Agree DB. This offense has been anything but predictable this year and that may be there biggest asset. It becomes much more difficult for teams to take away their strongest threat. LaFleur is mixing it up very well. Compare this with 1-2 years ago. I think they're still developing in terms of being able to make it all flow flawlessly, hence the delays and slow communications. I'm expecting it to continue to improve.

Ubetcha posted:

Agree DB. This offense has been anything but predictable this year and that may be there biggest asset. It becomes much more difficult for teams to take away their strongest threat. LaFleur is mixing it up very well. Compare this with 1-2 years ago. I think they're still developing in terms of being able to make it all flow flawlessly, hence the delays and slow communications. I'm expecting it to continue to improve.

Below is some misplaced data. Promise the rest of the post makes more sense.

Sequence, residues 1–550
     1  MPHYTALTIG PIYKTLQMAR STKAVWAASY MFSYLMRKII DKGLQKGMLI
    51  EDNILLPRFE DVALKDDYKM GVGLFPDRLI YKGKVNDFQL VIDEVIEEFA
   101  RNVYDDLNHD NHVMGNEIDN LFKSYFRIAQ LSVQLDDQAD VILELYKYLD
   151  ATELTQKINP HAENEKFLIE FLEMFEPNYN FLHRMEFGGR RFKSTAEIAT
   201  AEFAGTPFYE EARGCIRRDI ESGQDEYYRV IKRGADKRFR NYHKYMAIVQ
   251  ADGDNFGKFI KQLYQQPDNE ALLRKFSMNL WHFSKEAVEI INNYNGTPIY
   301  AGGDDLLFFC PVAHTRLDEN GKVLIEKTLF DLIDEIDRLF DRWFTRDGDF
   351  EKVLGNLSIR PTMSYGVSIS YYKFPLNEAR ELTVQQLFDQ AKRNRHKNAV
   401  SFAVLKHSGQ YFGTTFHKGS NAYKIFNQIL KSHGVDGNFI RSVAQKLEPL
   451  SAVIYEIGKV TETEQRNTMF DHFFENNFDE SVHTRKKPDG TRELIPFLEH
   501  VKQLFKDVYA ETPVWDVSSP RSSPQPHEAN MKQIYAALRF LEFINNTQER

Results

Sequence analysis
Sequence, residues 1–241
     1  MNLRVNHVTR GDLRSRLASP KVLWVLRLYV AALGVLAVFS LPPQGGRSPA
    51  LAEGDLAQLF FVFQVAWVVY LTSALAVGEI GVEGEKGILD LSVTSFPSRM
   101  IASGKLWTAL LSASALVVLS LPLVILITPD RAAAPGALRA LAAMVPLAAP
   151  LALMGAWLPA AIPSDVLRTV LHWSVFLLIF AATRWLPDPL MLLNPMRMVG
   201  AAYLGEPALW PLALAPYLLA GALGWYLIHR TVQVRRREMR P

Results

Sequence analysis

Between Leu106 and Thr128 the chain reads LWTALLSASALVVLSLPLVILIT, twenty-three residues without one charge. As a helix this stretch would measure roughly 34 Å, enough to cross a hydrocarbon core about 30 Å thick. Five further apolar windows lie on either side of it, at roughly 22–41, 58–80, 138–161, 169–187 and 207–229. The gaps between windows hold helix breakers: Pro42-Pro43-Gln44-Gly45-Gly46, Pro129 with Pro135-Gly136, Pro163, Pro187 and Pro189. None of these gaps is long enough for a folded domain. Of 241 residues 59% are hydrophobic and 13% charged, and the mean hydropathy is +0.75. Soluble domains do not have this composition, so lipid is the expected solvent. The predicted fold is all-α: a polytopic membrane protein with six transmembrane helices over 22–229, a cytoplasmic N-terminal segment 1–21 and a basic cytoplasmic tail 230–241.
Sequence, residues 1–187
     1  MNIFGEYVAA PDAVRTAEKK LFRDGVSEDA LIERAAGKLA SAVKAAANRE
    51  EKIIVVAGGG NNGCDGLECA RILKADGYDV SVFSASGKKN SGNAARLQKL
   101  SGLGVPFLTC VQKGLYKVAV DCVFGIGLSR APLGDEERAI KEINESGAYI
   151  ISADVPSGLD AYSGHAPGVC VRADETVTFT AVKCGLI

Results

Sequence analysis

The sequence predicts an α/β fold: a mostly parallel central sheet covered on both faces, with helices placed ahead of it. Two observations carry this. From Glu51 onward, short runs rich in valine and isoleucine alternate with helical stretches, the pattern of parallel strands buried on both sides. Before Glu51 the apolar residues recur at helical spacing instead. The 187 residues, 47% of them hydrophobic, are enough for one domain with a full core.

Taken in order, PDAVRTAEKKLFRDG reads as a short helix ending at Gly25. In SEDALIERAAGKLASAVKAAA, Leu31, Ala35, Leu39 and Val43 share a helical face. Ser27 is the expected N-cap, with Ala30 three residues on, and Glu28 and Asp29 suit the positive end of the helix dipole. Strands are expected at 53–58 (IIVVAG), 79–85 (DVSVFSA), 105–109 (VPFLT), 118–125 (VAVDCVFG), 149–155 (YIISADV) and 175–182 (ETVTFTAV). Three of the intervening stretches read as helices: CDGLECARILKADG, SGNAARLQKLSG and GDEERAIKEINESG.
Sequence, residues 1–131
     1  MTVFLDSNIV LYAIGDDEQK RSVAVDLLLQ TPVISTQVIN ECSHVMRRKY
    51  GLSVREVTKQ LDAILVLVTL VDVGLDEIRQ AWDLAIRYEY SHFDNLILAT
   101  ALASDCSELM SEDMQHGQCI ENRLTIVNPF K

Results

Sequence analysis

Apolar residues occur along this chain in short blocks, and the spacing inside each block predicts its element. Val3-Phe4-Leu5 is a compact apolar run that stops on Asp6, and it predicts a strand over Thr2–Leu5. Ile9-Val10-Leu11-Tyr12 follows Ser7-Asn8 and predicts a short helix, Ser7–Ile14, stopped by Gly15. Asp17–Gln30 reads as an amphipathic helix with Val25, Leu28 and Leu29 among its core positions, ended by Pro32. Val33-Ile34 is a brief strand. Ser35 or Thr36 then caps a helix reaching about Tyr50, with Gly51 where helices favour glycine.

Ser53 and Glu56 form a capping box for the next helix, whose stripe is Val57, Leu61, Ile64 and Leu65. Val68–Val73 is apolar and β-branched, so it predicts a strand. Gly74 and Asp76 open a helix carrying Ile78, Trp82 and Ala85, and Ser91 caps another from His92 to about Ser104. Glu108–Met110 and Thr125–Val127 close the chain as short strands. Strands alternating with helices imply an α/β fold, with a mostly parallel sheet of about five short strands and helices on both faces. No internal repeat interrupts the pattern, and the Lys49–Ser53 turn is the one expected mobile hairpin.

It's nice to see a coach who mixes and matches according to the opponent rather than the stale same ol', same ol' every week. Yes, he has to smooth out the playcalling a bit after the first 15 to make the game flow better, but that will hopefully come in time. 

As NostraBoris has pointed out, this team really hasn't put together a complete game yet where Offense and Defense are both firing on all cylinders.  When that happens, this team will be lethal.  Hopefully it clicks in starting in late December.

I am not counting on the Special Teams, they  don't have any firing cylinders.  Hell, I don't think they heave heard about this invention called the wheel yet.

The “Aaron Rodgers underthrowing a deep ball” is really becoming a problem. The secondary dropping game-changing interception is becoming a problem.